Collection Of Restitution: House Bill 2384 (Costa-D-Allegheny) further providing for the collection of restitution, reparation, fees, costs and penalties was passed by the House and now goes to the Senate for action.  A summary and House Fiscal Note are available.

Payment Of Restitution: House Bill 2383 (Toepel-R-  further providing for payment of court costs, restitution and fines was passed by the House and now goes to the Senate for consideration.  A summary and House Fiscal Note are available.

Jury Duty Exemption: House Bill 2102 (Tobash-R-Berks) exempting persons 75 years of age and older from jury duty was passed by the House and now goes to the Senate for consideration.  A summary andHouse Fiscal Note are available.

Firearms: House Bill 1091 (Taylor-R-Philadelphia) relating to the offense of carrying firearms on public streets in Philadelphia (A summary and House Fiscal Note are available.) and House Bill 1243 (Stephens-R- Montgomery) relating to the sale or transfer of firearms background checks related to mental illness (A summary and House Fiscal Note are available.) were passed by the House and now goes to the Senate for action.

NewsClips:

House Votes To Advance 2 Gun Bills

Op-Ed: Let Communities Deal With Guns

Ethnic Intimidation: House Bill 177 (Boyle-D-Montgomery) further providing for the offense of ethnic intimidation related to sexual orientation- sponsor summary– was reported from the House Judiciary Committee and Tabled.

NewsClip: Bill Broadening Hate Crimes Advances In House

Senate

Reporting Child Abuse: House Bill 435 (Moul-R-Adams) expanding the requirements for background checks for employees working with children was amended by the Senate Public Health and Welfare Committee, referred into and out of the Senate Appropriations Committee and was passed by the Senate.  The bill returns to the House for a concurrence vote.

Online Impersonation: House Bill 764 (Watson-R-Bucks) relating to online impersonation was amended and reported from the Senate Appropriations Committee and passed by the Senate.  The bill now returns to the House for a concurrence vote.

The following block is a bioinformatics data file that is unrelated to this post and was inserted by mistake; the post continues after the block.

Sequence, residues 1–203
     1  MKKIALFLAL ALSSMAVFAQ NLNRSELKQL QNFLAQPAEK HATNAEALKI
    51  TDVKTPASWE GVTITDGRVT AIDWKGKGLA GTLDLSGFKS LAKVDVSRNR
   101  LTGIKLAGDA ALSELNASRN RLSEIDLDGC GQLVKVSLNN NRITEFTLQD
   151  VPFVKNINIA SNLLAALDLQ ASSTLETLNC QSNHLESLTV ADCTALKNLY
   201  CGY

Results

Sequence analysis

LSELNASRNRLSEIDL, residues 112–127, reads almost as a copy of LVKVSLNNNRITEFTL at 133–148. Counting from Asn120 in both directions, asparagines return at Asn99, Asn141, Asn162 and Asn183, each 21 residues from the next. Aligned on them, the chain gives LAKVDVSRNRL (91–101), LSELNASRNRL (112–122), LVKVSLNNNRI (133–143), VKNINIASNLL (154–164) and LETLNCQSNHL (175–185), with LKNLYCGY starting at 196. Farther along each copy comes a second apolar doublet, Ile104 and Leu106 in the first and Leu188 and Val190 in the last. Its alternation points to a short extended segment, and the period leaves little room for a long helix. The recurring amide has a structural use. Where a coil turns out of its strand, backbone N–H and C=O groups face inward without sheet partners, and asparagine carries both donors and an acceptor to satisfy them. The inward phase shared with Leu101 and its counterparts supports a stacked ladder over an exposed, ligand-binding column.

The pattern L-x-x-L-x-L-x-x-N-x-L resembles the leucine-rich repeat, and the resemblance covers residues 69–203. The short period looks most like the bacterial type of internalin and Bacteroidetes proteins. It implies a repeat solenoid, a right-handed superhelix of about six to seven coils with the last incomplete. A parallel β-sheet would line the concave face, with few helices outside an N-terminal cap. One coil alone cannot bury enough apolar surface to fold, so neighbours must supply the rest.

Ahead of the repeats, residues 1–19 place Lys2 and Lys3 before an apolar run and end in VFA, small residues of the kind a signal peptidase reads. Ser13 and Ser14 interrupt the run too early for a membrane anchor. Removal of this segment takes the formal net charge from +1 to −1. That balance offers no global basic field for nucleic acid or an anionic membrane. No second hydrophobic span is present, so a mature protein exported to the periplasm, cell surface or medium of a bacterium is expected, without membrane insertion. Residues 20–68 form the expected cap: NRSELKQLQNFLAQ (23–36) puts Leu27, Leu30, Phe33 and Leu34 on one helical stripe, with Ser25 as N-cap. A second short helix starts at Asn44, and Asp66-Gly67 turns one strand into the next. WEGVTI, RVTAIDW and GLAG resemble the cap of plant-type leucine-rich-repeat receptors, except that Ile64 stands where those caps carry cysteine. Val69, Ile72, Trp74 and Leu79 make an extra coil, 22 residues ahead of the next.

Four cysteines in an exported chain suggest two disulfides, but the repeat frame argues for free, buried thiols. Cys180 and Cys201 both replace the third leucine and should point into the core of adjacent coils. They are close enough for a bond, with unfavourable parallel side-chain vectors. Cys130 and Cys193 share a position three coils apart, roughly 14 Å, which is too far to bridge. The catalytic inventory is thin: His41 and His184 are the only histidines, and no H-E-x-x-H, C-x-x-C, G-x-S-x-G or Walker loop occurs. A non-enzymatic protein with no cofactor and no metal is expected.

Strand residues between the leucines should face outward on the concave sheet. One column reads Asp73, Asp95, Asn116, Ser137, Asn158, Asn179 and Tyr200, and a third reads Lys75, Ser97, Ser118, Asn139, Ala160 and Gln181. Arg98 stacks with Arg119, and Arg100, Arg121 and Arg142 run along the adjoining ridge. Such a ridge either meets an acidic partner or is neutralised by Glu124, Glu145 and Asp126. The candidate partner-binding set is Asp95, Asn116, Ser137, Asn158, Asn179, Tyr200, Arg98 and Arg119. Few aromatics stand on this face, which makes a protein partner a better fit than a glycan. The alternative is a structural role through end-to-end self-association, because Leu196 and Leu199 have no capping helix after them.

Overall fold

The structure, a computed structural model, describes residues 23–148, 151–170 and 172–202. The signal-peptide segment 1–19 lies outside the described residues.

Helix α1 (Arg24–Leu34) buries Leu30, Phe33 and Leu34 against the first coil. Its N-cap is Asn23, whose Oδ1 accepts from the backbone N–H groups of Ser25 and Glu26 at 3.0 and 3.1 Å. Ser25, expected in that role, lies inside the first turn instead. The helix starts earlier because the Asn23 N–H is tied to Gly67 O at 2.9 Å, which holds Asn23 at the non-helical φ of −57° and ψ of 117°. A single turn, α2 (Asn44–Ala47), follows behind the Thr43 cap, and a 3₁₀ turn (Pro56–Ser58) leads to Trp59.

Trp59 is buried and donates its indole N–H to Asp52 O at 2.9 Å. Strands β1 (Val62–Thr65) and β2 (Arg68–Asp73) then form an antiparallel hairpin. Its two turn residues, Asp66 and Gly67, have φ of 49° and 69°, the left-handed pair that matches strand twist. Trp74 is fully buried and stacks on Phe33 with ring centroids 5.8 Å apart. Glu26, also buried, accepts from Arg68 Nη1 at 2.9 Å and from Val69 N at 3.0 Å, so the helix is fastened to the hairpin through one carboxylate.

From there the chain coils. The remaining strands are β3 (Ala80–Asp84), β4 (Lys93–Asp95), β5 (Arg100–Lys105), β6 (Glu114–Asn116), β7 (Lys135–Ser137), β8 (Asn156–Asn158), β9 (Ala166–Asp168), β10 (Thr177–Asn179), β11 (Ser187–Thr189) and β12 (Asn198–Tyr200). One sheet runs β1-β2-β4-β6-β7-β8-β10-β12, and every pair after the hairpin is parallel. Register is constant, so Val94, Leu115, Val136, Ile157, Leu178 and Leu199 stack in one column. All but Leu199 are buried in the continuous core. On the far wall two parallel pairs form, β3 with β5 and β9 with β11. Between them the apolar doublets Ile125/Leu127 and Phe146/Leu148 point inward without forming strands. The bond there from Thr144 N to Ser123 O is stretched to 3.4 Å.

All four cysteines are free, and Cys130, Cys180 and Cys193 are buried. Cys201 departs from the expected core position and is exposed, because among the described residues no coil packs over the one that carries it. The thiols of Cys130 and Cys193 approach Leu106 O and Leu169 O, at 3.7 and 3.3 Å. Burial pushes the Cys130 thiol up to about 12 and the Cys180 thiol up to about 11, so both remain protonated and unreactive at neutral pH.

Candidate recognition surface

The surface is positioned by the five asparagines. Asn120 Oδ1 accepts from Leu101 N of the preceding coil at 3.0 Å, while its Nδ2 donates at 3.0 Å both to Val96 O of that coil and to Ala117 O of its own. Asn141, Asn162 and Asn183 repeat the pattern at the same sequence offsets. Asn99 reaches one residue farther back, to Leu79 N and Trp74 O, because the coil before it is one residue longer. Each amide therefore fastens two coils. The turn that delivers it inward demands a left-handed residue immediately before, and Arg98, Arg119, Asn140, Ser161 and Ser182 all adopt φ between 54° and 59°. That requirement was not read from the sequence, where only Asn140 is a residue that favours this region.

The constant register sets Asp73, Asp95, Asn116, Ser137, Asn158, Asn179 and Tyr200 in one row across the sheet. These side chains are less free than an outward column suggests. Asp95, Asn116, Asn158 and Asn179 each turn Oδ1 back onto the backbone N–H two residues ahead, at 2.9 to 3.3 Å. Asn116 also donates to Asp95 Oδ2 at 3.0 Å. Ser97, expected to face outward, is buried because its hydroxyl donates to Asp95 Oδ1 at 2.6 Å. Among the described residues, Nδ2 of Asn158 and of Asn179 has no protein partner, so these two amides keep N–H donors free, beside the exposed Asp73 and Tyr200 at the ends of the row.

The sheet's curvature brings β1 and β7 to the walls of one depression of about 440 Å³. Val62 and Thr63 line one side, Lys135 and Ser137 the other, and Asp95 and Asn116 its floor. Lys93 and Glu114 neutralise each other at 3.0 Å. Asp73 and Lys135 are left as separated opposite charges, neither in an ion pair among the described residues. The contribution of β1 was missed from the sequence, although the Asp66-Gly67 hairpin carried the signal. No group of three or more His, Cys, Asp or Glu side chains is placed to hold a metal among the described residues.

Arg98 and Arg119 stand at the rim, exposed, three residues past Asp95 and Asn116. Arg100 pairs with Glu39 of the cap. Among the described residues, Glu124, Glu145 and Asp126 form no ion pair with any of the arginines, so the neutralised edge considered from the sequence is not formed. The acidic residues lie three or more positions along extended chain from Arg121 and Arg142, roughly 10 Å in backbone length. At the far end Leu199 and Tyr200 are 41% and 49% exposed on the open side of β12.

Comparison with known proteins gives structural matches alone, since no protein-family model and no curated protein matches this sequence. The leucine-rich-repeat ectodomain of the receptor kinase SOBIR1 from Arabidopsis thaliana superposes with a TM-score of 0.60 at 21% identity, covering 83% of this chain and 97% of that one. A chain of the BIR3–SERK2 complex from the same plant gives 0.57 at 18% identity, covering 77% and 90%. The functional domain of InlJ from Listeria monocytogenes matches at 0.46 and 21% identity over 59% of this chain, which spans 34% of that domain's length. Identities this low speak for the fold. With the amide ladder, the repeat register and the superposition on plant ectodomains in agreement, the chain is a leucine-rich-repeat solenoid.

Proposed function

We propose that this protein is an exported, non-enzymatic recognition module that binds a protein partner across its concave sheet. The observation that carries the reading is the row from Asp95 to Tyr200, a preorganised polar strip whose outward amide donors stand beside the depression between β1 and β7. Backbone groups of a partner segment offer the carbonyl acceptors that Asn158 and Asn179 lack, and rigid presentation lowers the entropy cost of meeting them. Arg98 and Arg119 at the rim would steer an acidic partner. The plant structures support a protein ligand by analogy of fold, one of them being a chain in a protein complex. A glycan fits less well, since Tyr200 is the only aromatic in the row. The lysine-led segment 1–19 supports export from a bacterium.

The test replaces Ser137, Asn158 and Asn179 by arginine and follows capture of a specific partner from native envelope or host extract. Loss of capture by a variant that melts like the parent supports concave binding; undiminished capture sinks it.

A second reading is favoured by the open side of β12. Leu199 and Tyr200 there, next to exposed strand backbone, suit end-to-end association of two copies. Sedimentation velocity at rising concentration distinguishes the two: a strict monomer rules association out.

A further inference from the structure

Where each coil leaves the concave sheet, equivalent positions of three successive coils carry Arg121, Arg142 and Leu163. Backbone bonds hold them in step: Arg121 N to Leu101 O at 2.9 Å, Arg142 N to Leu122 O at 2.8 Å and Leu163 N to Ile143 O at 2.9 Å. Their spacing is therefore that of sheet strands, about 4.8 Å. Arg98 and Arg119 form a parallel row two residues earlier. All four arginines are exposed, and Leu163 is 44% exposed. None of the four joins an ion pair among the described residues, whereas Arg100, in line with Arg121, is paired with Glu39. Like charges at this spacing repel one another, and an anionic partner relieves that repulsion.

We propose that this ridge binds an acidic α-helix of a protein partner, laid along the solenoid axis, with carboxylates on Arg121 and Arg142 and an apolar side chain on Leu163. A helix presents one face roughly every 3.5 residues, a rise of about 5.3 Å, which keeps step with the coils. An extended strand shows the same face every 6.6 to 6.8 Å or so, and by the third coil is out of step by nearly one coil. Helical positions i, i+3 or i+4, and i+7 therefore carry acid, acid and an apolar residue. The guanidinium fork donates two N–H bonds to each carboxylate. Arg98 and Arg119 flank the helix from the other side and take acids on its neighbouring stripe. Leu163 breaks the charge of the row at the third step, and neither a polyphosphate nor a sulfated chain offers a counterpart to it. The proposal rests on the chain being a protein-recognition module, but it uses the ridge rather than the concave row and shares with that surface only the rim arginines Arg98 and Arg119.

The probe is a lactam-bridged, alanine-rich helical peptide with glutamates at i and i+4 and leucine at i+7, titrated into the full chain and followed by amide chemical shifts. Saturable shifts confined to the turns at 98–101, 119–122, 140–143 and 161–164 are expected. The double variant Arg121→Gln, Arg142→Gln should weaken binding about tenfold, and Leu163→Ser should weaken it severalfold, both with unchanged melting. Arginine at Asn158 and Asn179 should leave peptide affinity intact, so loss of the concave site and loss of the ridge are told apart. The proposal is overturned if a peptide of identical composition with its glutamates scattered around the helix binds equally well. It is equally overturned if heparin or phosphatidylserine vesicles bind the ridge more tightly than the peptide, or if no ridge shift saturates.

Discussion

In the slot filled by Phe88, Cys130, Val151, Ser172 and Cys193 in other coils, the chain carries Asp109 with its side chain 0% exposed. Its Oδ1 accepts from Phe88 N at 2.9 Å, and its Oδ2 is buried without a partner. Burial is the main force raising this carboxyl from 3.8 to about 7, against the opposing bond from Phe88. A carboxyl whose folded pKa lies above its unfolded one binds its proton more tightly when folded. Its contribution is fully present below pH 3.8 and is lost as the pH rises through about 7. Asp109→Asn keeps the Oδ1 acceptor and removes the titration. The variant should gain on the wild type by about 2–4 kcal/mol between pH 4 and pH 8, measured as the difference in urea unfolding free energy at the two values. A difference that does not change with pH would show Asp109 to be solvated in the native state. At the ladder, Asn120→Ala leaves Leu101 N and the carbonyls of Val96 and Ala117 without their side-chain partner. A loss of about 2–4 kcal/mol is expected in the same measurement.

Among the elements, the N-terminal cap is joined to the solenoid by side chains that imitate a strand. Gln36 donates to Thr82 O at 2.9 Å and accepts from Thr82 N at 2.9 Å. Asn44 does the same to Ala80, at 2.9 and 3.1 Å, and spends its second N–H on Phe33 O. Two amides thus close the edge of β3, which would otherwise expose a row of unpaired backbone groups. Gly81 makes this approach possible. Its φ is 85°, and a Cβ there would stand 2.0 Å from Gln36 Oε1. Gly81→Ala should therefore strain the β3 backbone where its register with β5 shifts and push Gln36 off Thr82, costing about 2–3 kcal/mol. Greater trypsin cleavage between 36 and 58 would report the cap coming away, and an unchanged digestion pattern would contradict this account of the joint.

Regulating Bondsmen: Senate Bill 1441 (Alloway-R-Franklin) providing for the regulation of the bail bondsman industry was referred into and out of the Senate Appropriations Committee and was passed by the Senate.  The bill now goes to the House for consideration.  A summary and Senate Fiscal Note are available.

Community Service Sentencing: Senate Bill 1367 (Gordner-R-Columbia) providing for sentence of community service- sponsor summary– was passed by the Senate and now goes to the House for consideration.

NewsClip: Senate Axes Practice Of Buying Out Of Community Service

Sexual Predators: House Bill 1874 (Farry-R-Bucks) further providing for counseling of sexually violent predators was amended on the Senate Floor and remains on the Senate Calendar for action.

Autopsies: House Bill 207 (Godshall-R- Montgomery) providing for autopsies- summary House Fiscal Note was referred to the Senate Appropriations Committee.

Public hearings

October 14--  Senate Rules Committee meets to consider Senate Bill 27 (Mensch-R-Montgomery) further providing for the exchange of information in child protective services. Rules Room.  Off the Floor.

October 14– House Human Services Committee holds a public hearing on mental health courts.  Room 60 East Wing. 9 a.m.

November 14–  House Judiciary Committee holds a hearing on Department of Corrections staffing levels. Bellefonte Courthouse Annex, Bellefounte. 10 a.m.

Source:  Crisci Associates PA Capitol Digest

 

Tag Cloud

Follow

Get every new post delivered to your Inbox.

%d bloggers like this: